- The other star of the game for the Cats and, arguably, the game’s biggest positive was DeAndre Liggins. As he did in the Blue-White game, Liggins showed that he has maintained the intensity that endeared him to Cal and the fans last season. He remains the team’s best one-on-one defender and the most likely to pick up a couple of court burns – a stat that many won’t even register in a gimme game like this In this game, though, the junior from Chicago showed intensity and maturity on offense en route to 18 points on 7-10 shooting and attacked the basket in a manner that could best be described as “crafty”. In his first two seasons in Lexington, Liggins had trouble harnassing his offensive energy and often found himself crashing into defenders wildly or forcing the ball. Against Pikeville, he seemed as if he had finally turned a corner and found the way to be aggressively efficient. If that makes sense.
- It was not the finest evening for Terrence Jones, who struggled with early foul trouble and appeared to be out of sync on offense, only attempting three shots in an abysmal first half that saw him score two points and turn the ball over five times. To Jones’ credit, he played better after the intermission and finished with nine and seven, but shot only 2-9 from the field in the process. Too often, he seemed to fall in love with playing outside on offense and had the ball ripped out of his hands after grabbing a rebound. Because of Kentucky’s lack of size inside and because he’s essentially the only big guy in the starting lineup, Jones has to play like a big. His versatility on offense will be crucial in the dribble-drive, but he has to find a happy medium between a finesse perimeter guy and a presence inside if this team is going to be as good as they hope. He clearly has the talent and it’d be insane to think one poor game is any reason for concern. But, he certainly has some things to work on.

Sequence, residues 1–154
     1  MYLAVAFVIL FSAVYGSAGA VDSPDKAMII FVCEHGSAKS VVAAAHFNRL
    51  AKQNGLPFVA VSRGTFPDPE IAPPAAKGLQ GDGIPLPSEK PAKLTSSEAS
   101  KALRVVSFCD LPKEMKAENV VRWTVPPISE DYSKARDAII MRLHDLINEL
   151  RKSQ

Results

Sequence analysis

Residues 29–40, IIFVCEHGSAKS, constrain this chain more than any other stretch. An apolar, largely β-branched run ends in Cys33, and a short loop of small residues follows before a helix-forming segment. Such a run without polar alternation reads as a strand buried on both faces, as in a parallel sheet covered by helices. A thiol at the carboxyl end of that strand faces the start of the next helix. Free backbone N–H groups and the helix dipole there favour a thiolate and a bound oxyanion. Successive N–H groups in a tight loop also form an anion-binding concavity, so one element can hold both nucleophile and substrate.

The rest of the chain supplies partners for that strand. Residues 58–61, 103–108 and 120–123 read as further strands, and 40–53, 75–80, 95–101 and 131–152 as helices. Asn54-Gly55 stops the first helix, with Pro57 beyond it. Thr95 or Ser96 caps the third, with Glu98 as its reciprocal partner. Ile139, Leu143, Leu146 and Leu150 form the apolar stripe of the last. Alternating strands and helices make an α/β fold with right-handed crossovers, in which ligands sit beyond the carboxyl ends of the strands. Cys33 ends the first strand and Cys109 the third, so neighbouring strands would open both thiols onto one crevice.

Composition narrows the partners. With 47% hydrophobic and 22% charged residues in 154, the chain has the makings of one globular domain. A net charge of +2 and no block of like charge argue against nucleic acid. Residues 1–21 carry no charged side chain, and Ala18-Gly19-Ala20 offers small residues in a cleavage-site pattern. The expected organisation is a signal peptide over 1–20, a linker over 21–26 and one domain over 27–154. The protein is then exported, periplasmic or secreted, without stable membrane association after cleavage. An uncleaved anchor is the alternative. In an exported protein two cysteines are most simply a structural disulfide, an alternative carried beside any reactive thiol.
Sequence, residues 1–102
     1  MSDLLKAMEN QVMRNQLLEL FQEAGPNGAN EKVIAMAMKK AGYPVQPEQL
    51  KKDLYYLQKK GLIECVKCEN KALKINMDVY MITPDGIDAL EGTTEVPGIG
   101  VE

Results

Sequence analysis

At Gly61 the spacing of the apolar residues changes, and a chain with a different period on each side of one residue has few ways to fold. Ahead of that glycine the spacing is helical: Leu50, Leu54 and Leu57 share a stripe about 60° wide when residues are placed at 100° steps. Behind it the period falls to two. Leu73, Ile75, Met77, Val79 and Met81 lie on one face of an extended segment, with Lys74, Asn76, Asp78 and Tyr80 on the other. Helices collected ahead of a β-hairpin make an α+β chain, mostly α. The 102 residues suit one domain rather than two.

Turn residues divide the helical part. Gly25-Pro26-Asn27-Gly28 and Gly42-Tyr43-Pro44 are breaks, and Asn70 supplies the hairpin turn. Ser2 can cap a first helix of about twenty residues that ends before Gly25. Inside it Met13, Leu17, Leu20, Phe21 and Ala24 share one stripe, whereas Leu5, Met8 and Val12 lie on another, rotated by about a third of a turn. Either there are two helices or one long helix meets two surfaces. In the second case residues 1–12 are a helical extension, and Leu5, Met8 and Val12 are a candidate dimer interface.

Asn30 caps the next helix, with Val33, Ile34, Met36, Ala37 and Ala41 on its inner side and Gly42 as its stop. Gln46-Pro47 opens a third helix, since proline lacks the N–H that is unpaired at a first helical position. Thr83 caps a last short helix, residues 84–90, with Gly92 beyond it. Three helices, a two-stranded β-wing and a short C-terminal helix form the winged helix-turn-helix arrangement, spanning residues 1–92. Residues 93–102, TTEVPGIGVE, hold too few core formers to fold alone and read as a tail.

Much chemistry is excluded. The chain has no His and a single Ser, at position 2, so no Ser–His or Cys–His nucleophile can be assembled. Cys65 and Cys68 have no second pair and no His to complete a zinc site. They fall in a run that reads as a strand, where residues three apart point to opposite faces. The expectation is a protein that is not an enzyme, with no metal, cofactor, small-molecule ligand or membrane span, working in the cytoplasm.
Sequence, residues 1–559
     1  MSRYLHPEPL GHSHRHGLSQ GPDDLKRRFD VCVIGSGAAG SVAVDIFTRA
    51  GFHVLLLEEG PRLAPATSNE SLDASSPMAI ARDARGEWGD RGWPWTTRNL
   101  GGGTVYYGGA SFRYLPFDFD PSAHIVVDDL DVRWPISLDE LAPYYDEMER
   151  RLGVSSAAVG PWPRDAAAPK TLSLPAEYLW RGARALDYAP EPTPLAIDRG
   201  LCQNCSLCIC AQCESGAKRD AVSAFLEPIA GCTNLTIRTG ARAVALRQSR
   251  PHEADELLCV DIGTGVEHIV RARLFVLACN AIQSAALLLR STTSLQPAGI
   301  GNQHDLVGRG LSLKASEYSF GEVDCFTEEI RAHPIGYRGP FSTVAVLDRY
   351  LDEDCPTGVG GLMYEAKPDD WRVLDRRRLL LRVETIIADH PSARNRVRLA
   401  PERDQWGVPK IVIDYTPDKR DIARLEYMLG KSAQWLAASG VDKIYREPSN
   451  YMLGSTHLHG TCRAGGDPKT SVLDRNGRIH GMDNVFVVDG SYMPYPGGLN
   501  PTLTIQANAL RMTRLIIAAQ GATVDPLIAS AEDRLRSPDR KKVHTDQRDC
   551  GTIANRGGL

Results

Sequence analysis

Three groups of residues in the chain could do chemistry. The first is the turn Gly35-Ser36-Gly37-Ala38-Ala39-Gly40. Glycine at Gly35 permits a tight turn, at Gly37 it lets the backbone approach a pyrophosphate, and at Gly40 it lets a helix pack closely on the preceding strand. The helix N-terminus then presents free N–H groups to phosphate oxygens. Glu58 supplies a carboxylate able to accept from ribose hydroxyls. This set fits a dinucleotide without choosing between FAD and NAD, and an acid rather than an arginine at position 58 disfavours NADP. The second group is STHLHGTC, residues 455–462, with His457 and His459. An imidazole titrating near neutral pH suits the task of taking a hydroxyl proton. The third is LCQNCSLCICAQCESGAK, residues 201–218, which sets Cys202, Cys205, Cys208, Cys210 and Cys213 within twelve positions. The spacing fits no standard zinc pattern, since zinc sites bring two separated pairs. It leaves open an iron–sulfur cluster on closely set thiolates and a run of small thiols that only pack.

- He didn’t pull down 26 rebounds, but Josh Harrellson was again UK’s best rebounder, grabbing 7 rebounds in only 16 minutes, three of them on the offensive end. As Calipari said last week, that either means UK is a poor rebounding team or Jorts is greatly improved. It’s probably a little bit of both (we’ll get to that shortly), but it is worth noting that Kentucky did appear to struggle on the defensive end at the start of both halves until Jorts and Eloy Vargas were inserted into the lineup to provide some size. As is the case with all players with the game inexperience of Harrellson, consistency will be the key, but it did appeaer on Monday night that Jorts’ rebounding – especially on the offensive end – is something that UK could be able to (and probably have to) count on throughout the season. Or, at least, until Kanter becomes eligible.
- Perhaps the craziest stat of the night was the 56 free throw attempts by Kentucky, 42 of which were made. If Monday’s game had not been an exhibition, it would have been the second-most team attempts of all-time. The reason for the high number of freebies was partially due to the athletic limitations of their opponents, but they were also the product of an aggressive dribble-drive offense, which forces defense to switch or be caught out of position. It’s safe to expect this Kentucky team to be near the top of the country in free throw attempts this season as Calipari uses his versatile lineup to attack the rim consistently and connecting on 86% of them in every game would be mighty nice. And, with a young team who is sure to hit a wall at some point and struggle with their jumpers, getting to the free throw line and connecting at a high clip could mean 3 or 4 extra wins this season.